An exercise to practice: Hold your young puppy in your arms. When the puppy inevitably begins to wiggle to get down to explore, play, or find something to eat, squeeze just a tiny bit more firmly. If your puppy relaxes, immediately relax your arms, wait a few seconds and set your puppy down. If your puppy continues to wiggle, wait it out. Hold the puppy firmly and securely until it begins to calm down and immediately begin to correspondingly relax your arms. again wait a few seconds and set the puppy down. If your puppy settles down and relaxes, but then starts up again before you are done waiting, you must repeat the exercise. This is a low stress exercise that will help you create harmony with your pup, right off the bat.
**** This exercise is highly recommend for the very first time that you hold your new pup. This immediately sets the standards for your puppies interactions with you and allows you to have cooperation, rather than competition, as your very first interaction.
#2 - Show them that paying attention to you is how they get rewards. Earning your dog's attention is probably the best way you can keep your pet safe in this chaotic world. Being able to tell your dog to "stay" in the face of a car speeding by, or "leave -it" when they encounter a porcupine, is an important safety tool that is nonexistent if they do not pay attention to you.
An exercise to practice: Place your puppy's food on the ground and use body language to let it know that it can not eat just yet. This can be done by standing over the food, blocking the puppy with your hand, or giving corrections with your hand or a leash (remember to stay gentle but firm and very consistent in your communication). At this point your puppy will likely need a lot of communication so remember to be clear and to be ok with repeating yourself, we need repetition in learning, and they don't even have the pleasure of being taught in their own language! Continue the exercise and be patient until your puppy looks at you. When your puppy makes eye contact, give affirmation and immediately allow it to eat its food. your affirmation can be a nod, a smile, a pat, a hand signal, or a simple "yes!", whatever you choose to be the signal to your pup that he or she has done the right thing and can not get exactly what is wanted.
#3 - Stay positive! There is no reason for tension or frustration when training a puppy, and it certainly won't help you be the leader. If you want your puppy to choose to be with you, you need to be a source of fun. Puppies are known for their playful nature, and that is a great training tool for us. Make sure every exercise ends on a good note, and remember that there is no benefit in getting frustrated, just be in the moment with your pup and you will both be able to learn from each other!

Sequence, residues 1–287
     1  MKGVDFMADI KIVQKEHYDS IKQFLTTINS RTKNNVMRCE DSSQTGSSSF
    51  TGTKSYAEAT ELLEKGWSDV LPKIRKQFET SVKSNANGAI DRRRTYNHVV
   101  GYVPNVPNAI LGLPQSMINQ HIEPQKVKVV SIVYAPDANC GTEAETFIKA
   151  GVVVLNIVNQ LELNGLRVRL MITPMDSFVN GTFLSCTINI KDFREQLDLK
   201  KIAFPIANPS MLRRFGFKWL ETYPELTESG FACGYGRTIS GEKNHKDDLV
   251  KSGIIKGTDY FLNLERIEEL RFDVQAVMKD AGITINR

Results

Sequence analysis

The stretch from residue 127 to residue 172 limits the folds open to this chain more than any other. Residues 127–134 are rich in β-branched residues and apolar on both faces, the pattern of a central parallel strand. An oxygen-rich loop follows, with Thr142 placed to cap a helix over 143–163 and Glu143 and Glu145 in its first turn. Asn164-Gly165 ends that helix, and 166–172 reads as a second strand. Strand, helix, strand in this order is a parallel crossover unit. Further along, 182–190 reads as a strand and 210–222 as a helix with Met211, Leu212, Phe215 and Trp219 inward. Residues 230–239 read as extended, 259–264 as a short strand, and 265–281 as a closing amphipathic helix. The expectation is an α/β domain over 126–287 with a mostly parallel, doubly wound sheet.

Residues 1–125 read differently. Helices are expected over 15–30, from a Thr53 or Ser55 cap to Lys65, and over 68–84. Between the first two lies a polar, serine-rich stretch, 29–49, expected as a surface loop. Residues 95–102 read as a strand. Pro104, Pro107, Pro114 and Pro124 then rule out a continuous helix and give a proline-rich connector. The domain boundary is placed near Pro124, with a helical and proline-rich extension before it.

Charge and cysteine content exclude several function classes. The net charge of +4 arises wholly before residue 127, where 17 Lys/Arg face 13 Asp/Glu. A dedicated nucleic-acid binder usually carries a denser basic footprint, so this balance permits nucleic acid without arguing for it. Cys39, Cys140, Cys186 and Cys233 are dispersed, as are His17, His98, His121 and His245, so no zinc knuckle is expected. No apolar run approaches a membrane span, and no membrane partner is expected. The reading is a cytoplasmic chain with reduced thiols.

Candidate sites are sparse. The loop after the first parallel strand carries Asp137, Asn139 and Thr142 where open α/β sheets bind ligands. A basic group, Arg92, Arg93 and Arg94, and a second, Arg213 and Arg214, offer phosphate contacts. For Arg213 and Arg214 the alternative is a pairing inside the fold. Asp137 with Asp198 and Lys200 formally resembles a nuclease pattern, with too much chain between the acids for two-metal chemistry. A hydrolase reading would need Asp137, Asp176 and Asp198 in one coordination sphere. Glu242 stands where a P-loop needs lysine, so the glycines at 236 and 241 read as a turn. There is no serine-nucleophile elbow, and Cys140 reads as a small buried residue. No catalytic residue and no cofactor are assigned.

You can learn a lot about a dog's tail! the below pictures detail the different cues you can take from a dogs tail:
Recently, in my work at a doggy daycare, I had an interesting experience with a little terrier who was about 5 years old and a bit of a mess. This pampered house pet looked like a dog you would find roaming the streets. She was covered in thick, matted fur, smelled like an old couch, and clearly had no grooming at home. When I inquired about the state of her fur, being that I knew her owners loved her very much, I was told that she would attack her owners if they tried to brush or trim her coat.
Not surprisingly, this wasn't her only issue. Each day when coming into and leaving daycare she would screech at the top of her little lungs and attack her leash. By all accounts she was a hot mess. This dog's bad behavior had gotten to a point that her skin and coat health were completely deteriorated and she could not be walked on a leash by her owners.
My issue with this scenario was this: I saw none of those behaviors while I had her in my group. I could leash her, walk her, brush her, and clean her tear stains without any issue while she was in the daycare room. The reason for this was not that daycare transformed her behavior, but that I did not expect the bad behaviors nor did I ask her permission. If I wanted to brush her, I simply picked up a brush and got to work. If she began to get tense or wiggly I would stop, ask her to relax and give a brief massage before continuing. Her problems were actually so mild that I could easily instruct my coworkers on how I approached her and they would have the same results: a relaxed and willing dog. In the months that I worked with this dog I saw results whenever she was in my care, and in the care of a few of my coworkers, but without the unified work of the entire staff and the owners, her problems continue whenever her handler is not exhibiting balanced leadership.
This story is important because it highlights the importance of a calm manner when dealing with dogs, and how unhealthy it becomes for the dog when the owner is not the one in control. As soon as this little dog was handled by a leader she was balanced and could be helped, but in the hands of a weak leader she can be both neurotic and dangerous. Anyone can be a strong leader, but not everyone comes by it naturally. In general, its good to practice being very confidence, because confidence is neither frantic nor insecure. Dogs become unsure if you are unsure, so if you want your dog to trust, just relax and be sure of your actions.